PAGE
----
Friday, May 27, 2005


And we want these people to vote?

CNN - Thousands of Muslims marched Friday in Islamic countries from Asia to the Middle East, burning symbols of the United States to protest the alleged desecration of the Quran by military personnel at a American prison in Guantanamo, Bay, Cuba.

The rallies in Pakistan, Egypt, Lebanon, Iraq, Indonesia, Malaysia and elsewhere followed an admission Thursday by U.S. investigators that Islam's holy book was mishandled at Guantanamo.

But American officials said it was often inadvertent and denied that any Qurans were flushed down a toilet, as Newsweek magazine had reported in a now-retracted article.

No injuries were reported in Friday's demonstrations, with police simply watching in most places.

In India's Kashmir region, however, police fired tear gas and used batons to disperse hundreds of Muslims gathered outside a mosque in the capital of Srinagar.

Women in black veils marched through Kashmir, where schools and businesses were closed as part of the protest, and set American flags and copies of the U.S. Constitution ablaze.

"The defilement of our holy book is outrageous because we consider it to be the word of God," thundered Asiya Andrabi, head of the women's group Daughters of the Community, through her veil. "Guantanamo Bay is a cage. It is not a prison."

More than 15,000 people took to the streets of Pakistan's largest cities. A demonstration in the capital of Islamabad began in a tense atmosphere, hours after a bomb at a Muslim shrine killed more than 15 people at an annual celebration. The motive for the suspected suicide bombing was not immediately clear. (Full story)

"We condemn sacrilege of the Quran by U.S. extremists," read one banner draped across a bus while protest leaders chanted into loudspeakers during a rally of at least 2,000 in Islamabad.

In Pakistan's southwestern city of Quetta, 5,000 demonstrators chanted slogans against the United States and Britain. Another 5,000 gathered in the southern city of Karachi, demanding the expulsion of the U.S. ambassador. Protests also were held in Lahore, near the Indian border.

The rallies were organized by a hard-line religious coalition, Mutahida Majlis-e-Amal, or United Action Forum -- a vocal opponent of Pakistan President Gen. Pervez Musharraf.

About 12,000 people, many of them supporters of the outlawed Muslim Brotherhood group, gathered in Alexandria, Egypt, filling a three-story building and spilling into surrounding streets, listening to preachers who demanded an apology from U.S. officials. The neighborhood was ringed by police, who arrested 12 of the demonstrator's organizers.

About 1,000 people -- mostly lawyers -- gathered in downtown Cairo and were surrounded by double that number of riot police.

A similar number gathered in the Lebanese capital of Beirut, carrying black banners and burning American and Israeli flags.

"We will cut off the feet that desecrated the Quran!" the crowd yelled.

Nearly 1,000 people demonstrated in the predominantly Shiite southern Iraqi city of Basra to protest the alleged desecrations. They also condemned the alleged desecration of a Quran in Ramadi two weeks ago by "Americans and Jews."

Two straw dolls -- of President Bush and a rabbi -- were beaten with shoes and slippers, and American, British and Israeli flags were burned.

Thousands gathered outside the U.S. Embassy in Khartoum, Sudan, and demanded an investigation into all actions against Muslims held in Guantanamo.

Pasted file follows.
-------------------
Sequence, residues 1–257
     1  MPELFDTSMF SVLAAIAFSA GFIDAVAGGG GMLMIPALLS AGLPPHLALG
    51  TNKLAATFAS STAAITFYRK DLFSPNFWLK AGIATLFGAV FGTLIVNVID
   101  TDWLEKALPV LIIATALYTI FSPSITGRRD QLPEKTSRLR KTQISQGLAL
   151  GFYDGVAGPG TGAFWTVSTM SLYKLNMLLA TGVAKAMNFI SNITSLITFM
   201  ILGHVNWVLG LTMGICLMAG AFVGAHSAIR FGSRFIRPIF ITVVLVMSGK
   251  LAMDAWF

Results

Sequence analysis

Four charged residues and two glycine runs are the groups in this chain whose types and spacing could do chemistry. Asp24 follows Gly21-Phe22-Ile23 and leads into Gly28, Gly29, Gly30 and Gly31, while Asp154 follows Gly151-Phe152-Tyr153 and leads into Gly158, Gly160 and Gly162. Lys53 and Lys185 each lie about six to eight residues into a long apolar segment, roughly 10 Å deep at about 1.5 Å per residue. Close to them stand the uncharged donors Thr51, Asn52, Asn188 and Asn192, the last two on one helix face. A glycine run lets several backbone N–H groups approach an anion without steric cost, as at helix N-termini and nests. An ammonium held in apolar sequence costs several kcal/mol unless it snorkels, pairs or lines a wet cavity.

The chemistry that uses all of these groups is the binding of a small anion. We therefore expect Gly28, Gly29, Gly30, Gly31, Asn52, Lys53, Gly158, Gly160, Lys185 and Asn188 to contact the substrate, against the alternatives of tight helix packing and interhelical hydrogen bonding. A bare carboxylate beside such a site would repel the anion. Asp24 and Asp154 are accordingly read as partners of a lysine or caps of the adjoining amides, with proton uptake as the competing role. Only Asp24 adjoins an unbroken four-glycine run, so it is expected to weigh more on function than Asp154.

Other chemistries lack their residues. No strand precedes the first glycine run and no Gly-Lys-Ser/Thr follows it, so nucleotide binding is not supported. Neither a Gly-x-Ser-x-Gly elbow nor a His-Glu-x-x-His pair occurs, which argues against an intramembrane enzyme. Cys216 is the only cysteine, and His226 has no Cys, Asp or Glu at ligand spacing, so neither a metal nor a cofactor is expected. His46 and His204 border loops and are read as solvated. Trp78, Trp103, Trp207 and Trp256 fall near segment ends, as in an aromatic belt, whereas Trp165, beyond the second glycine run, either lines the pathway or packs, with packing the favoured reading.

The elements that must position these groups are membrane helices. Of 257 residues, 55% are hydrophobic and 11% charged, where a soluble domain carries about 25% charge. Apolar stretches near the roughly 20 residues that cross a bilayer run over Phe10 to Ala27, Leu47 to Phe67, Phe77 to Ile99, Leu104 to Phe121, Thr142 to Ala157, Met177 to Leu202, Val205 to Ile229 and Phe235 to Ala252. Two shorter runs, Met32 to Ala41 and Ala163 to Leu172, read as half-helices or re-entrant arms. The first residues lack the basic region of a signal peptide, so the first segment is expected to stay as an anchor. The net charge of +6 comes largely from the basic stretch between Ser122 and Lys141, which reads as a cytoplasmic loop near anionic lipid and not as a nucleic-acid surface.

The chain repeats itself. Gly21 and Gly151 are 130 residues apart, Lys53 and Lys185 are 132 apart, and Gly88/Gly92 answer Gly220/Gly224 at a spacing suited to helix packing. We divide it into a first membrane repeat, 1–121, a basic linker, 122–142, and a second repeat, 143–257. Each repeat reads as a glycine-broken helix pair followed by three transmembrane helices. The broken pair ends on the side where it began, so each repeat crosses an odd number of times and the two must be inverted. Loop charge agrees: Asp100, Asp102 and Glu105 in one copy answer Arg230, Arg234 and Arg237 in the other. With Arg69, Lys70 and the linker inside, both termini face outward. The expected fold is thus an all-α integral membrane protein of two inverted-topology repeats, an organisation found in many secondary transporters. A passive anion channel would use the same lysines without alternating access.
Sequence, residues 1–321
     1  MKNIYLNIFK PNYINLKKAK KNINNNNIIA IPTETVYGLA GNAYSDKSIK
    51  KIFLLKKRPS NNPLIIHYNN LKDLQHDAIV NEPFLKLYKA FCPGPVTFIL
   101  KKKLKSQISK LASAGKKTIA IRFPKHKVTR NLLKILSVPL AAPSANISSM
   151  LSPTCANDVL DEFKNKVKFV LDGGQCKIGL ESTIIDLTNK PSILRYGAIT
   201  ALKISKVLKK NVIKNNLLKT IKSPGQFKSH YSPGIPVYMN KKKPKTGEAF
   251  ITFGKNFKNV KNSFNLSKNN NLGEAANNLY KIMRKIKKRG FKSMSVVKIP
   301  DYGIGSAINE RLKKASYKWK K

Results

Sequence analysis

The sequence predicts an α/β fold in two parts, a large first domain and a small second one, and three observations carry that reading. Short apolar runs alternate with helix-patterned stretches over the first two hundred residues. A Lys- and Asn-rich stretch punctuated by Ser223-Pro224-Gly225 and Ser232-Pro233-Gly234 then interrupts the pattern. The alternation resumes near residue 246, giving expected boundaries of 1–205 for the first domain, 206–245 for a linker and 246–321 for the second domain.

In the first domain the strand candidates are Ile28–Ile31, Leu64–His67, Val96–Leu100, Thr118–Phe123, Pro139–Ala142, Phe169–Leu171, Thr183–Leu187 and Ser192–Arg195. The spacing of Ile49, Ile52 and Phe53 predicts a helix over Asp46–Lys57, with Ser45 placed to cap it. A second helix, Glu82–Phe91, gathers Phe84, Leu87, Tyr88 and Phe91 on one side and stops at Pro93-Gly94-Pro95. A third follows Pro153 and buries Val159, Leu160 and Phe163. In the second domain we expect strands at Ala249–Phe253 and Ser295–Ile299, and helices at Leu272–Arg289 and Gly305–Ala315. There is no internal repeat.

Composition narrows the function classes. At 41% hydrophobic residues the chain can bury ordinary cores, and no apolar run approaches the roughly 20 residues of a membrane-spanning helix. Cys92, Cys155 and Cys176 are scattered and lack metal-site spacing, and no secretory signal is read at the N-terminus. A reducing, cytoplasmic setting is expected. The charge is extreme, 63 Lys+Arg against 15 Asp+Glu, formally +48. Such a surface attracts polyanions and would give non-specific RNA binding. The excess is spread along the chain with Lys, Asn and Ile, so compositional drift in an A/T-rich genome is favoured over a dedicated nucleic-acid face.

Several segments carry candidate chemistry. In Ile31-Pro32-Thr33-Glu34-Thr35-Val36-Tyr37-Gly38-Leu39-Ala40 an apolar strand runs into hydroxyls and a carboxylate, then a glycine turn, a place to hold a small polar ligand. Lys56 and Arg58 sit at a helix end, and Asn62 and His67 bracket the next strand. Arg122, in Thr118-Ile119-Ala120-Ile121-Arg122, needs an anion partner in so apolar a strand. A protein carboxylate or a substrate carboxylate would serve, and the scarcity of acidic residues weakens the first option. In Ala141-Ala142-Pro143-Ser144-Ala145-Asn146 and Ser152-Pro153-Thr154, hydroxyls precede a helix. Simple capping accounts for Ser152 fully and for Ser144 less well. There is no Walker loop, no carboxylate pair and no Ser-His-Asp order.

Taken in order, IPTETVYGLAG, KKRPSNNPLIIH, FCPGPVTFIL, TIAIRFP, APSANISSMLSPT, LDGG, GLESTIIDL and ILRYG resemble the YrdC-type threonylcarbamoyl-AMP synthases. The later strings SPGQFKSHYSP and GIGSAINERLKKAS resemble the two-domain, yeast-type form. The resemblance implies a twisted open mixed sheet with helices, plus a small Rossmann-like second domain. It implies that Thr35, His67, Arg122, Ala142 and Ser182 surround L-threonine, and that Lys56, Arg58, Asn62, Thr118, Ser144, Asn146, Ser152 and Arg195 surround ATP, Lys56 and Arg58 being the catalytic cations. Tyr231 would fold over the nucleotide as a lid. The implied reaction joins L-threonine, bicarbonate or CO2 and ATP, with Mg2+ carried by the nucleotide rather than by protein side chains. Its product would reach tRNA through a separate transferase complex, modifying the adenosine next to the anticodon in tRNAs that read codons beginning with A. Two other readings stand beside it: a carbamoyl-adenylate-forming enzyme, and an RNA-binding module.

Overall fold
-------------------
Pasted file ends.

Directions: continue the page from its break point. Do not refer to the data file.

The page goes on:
In Kuala Lumpur, Malaysia, protesters shouted, "Go to hell, America!" and waved placards reading "Long Live Islam," as they burned U.S. and Israeli flags outside the U.S. Embassy. Riot police guarded the compound, and the crowd dispersed peacefully nearly an hour later after handing a note to embassy officials. The protest was the second of its kind in as many weeks.

About 50 people chanted anti-American slogans and threw tomatoes at a portrait of Bush in the Indonesian capital of Jakarta. The protesters were outnumbered 4-1 by police officers in riot gear and left after about an hour.

In Bangladesh's capital of Dhaka, about 5,000 people rallied after Friday prayers, spitting on U.S. flags, kicking them and then burning them. They shouted "Death to America!" and "Destroy America!" Many carried copies of the Quran, held over their heads.

The protesters used shoes to beat a Bush dummy and burned an effigy of the president, chanting "Bush -- the killer!" Riot police watched the demonstrators, who dispersed peacefully.

"No one has the right to debase our holy book. We are prepared to die to protect the honor of our religion," Fazlul Huq Amini, a lawmaker from Islamic Oikya Jote told the rally.

The groups included Islamic Oikya Jote or Islamic Unity Council, a member of the coalition government led by Prime Minister Khaleda Zia.

Anti-U.S. sentiment has been running high in Muslim countries since the Newsweek report. The Bush administration blamed it for demonstrations this month in Afghanistan, where more than a dozen people died and scores were injured.

In Washington on Thursday, investigators confirmed five cases in which military personnel mishandled the Qurans of Muslim prisoners at Guantanamo Bay since 2002. But they said they found no "credible evidence" that a holy book was flushed in a toilet. (Full story)

Brig. Gen. Jay W. Hood, the Guantanamo Bay prison commander who led the investigation, said five of 15 alleged incidents were substantiated. Four were by guards and one was by an interrogator.

Hood said the five cases "could be broadly defined as mishandling" of the holy book. He refused to discuss details but said two of the cases apparently were accidental.

Hood emphasized that his investigation was not complete.